At last week’s Inside the Industry Artist Management Panel and Showcase event put on by RevebNation in NYC one of best quotes coming from the stage was, “If you can’t put a dollar value to your music you’re fucked.” The statement came up during a discussion about the need for musicians to be just as on top of the business aspects of their career as the music and creative aspects.
Like any other entrepreneur, independent musicians need to understand the money coming in and going out of their enterprise. You need to understand and quantify you’re monthly career expenses and figure out the revenue generated from your music. How much do you need to make each month to cover expenses and break even? How much do you need to bring in to make a profit? Are you hoping to cover all of your personal expenses and live off your music or do you still have a day job? When can you quit your day job? The questions you have to ask yourself are no different than the questions any other entrepreneur needs to ask as they go through their business planning exercises.
And the cool thing is, the better you understand your financial situation the freer you’ll be to create great music.
Spotify will be offered in the same three-tier plan that it has in Europe: a free, ad-supported version; a basic ad-free version for $5 a month; and a premium service for $10 a month that adds access on a mobile phone, higher audio quality and other perks.
At first, Spotify’s free version will be available by invitation only, given out through current users or by the company to the thousands who have requested the service on Twitter and through its Web site. (Paid subscriptions will be available right away.)
With its lightning-fast interface, easy integration with Facebook and “freemium” business model, Spotify has quickly become the most popular such service in the world. Begun in Sweden in 2008 and until now available in only seven European countries, it has signed up 1.6 million paid subscribers and more than 10 million registered users in total. It also has been one of the fastest-growing investments in the new digital boom, having recently raised $100 million in a round of investment that valued the company at $1 billion.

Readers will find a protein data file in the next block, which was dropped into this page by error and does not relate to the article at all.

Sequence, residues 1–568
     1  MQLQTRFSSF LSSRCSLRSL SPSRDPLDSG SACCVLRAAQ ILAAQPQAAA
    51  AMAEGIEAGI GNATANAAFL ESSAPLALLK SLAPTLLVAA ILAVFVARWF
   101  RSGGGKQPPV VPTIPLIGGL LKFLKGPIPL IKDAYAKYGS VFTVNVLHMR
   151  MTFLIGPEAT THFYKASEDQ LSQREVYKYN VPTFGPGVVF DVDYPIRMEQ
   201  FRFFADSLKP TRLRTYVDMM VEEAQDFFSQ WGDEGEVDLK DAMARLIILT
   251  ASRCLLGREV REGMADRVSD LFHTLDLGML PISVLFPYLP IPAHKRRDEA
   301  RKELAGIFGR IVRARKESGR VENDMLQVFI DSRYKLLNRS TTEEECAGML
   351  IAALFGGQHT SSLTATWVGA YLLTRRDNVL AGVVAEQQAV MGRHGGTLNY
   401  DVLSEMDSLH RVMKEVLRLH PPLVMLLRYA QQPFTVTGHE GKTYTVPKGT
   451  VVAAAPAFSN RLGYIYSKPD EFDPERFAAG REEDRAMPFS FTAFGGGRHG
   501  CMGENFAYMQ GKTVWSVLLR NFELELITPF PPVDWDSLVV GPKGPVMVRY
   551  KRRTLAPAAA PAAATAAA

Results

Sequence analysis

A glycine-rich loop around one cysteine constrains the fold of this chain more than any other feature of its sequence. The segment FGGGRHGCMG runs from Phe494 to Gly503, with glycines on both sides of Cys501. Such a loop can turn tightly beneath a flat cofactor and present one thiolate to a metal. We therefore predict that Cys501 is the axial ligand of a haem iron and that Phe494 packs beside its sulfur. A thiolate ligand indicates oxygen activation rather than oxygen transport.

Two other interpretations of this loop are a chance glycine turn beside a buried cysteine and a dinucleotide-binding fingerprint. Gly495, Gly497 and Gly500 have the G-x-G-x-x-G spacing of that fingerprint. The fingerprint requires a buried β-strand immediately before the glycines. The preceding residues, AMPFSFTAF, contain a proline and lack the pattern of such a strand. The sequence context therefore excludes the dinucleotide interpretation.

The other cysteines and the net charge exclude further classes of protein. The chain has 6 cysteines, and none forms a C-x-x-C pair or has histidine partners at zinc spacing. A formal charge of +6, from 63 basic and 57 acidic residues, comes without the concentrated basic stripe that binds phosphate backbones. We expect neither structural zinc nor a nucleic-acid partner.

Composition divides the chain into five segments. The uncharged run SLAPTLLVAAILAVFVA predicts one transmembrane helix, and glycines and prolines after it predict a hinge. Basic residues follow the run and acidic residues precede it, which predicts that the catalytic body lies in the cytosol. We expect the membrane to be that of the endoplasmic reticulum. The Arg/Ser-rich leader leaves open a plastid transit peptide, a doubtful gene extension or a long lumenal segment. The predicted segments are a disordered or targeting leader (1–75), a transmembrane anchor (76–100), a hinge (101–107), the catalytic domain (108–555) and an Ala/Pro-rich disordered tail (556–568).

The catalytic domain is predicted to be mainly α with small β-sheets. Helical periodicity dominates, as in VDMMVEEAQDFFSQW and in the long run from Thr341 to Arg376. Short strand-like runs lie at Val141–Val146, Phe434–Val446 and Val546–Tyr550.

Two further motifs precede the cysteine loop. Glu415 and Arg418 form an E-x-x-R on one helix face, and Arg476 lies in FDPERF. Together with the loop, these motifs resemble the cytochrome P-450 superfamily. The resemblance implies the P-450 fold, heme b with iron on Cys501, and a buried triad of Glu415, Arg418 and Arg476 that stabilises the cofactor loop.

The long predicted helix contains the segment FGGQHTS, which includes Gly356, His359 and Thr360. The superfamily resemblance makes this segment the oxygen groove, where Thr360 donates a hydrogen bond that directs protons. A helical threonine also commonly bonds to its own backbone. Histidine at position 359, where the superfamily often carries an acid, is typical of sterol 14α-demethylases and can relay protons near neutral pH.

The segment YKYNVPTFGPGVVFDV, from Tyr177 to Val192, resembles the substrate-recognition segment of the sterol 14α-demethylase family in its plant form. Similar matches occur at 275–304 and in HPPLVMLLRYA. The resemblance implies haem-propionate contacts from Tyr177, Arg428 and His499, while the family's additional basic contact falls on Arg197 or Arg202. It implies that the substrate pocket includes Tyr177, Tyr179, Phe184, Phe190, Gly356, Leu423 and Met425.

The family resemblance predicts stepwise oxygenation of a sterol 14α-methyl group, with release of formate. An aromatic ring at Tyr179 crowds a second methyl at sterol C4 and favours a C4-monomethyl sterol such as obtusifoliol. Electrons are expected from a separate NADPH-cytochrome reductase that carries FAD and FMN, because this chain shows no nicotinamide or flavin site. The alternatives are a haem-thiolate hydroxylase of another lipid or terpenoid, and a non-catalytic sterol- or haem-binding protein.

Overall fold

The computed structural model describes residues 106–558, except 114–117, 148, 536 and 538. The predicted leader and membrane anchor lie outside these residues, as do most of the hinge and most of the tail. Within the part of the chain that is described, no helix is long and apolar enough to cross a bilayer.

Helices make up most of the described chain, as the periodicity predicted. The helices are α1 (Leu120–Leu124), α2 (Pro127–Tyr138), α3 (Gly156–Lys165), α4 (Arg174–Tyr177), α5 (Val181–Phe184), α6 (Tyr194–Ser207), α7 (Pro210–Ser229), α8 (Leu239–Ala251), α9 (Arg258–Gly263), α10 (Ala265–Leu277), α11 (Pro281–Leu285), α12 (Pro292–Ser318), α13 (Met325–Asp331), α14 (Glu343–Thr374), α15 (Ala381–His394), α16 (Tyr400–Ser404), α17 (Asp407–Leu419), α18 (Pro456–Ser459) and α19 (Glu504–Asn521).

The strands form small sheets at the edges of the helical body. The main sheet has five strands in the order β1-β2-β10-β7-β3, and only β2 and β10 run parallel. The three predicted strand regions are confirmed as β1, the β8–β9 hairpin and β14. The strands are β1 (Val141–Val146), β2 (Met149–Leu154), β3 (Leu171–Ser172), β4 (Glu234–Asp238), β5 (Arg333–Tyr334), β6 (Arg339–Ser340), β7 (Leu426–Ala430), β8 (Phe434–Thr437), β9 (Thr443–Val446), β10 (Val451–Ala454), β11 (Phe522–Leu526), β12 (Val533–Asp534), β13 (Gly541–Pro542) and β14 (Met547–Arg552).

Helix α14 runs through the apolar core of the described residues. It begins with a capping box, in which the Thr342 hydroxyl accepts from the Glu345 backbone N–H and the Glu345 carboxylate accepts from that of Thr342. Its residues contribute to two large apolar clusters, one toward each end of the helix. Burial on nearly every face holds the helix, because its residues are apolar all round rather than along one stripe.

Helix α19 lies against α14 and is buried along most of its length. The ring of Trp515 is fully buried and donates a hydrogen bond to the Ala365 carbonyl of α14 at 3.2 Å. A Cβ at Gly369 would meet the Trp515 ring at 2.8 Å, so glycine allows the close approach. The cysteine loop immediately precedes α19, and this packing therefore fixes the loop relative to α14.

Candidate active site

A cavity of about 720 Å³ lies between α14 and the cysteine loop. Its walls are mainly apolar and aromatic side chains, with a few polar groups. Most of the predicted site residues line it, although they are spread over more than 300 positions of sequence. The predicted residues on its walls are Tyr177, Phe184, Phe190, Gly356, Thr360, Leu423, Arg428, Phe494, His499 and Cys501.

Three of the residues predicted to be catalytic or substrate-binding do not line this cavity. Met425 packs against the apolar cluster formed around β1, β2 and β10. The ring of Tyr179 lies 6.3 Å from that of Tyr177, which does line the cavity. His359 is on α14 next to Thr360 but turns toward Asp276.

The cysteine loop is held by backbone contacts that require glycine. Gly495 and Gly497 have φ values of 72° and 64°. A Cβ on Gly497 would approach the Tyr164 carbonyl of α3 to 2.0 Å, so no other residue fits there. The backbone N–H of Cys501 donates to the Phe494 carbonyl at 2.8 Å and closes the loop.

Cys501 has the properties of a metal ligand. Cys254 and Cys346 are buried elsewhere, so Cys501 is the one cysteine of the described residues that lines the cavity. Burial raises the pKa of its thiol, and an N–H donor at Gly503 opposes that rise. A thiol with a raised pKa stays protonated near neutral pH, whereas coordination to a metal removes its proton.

In December of 2009 I received an email from Spotify about getting my music onto their service. They suggested using one of the following services:
I’m sure they have agreements with most artist-aggregators so check with yours. I use IODA and received notification of my IODA distribution agreement being modified to include Spotify in July of 2009.
I’m definitely looking forward to trying Spotify out, I hope if lives up to the hype.
Today Bob Lefsetz wrote a short piece in about a crowdfunding campaign on Kickstarter by Julia Nunes. She set a goal of $15,000 and totally killed it raising a total of $77,888. Awesome work. CNN covered her story as well. In the CNN piece she makes a great point about a DIY nation rising up. You can definitely feel it and we’re stoked to be a part of it!
We discovered a new blog by Justin Kownacki dedicated to helping people learn how to run successful crowdfunding campaigns. It looks like a valuable resource for anyone thinking about crowdfunding or who is actively running a crowdfunding campaign now.
Check it out: http://crowdfundinghelp.com/about.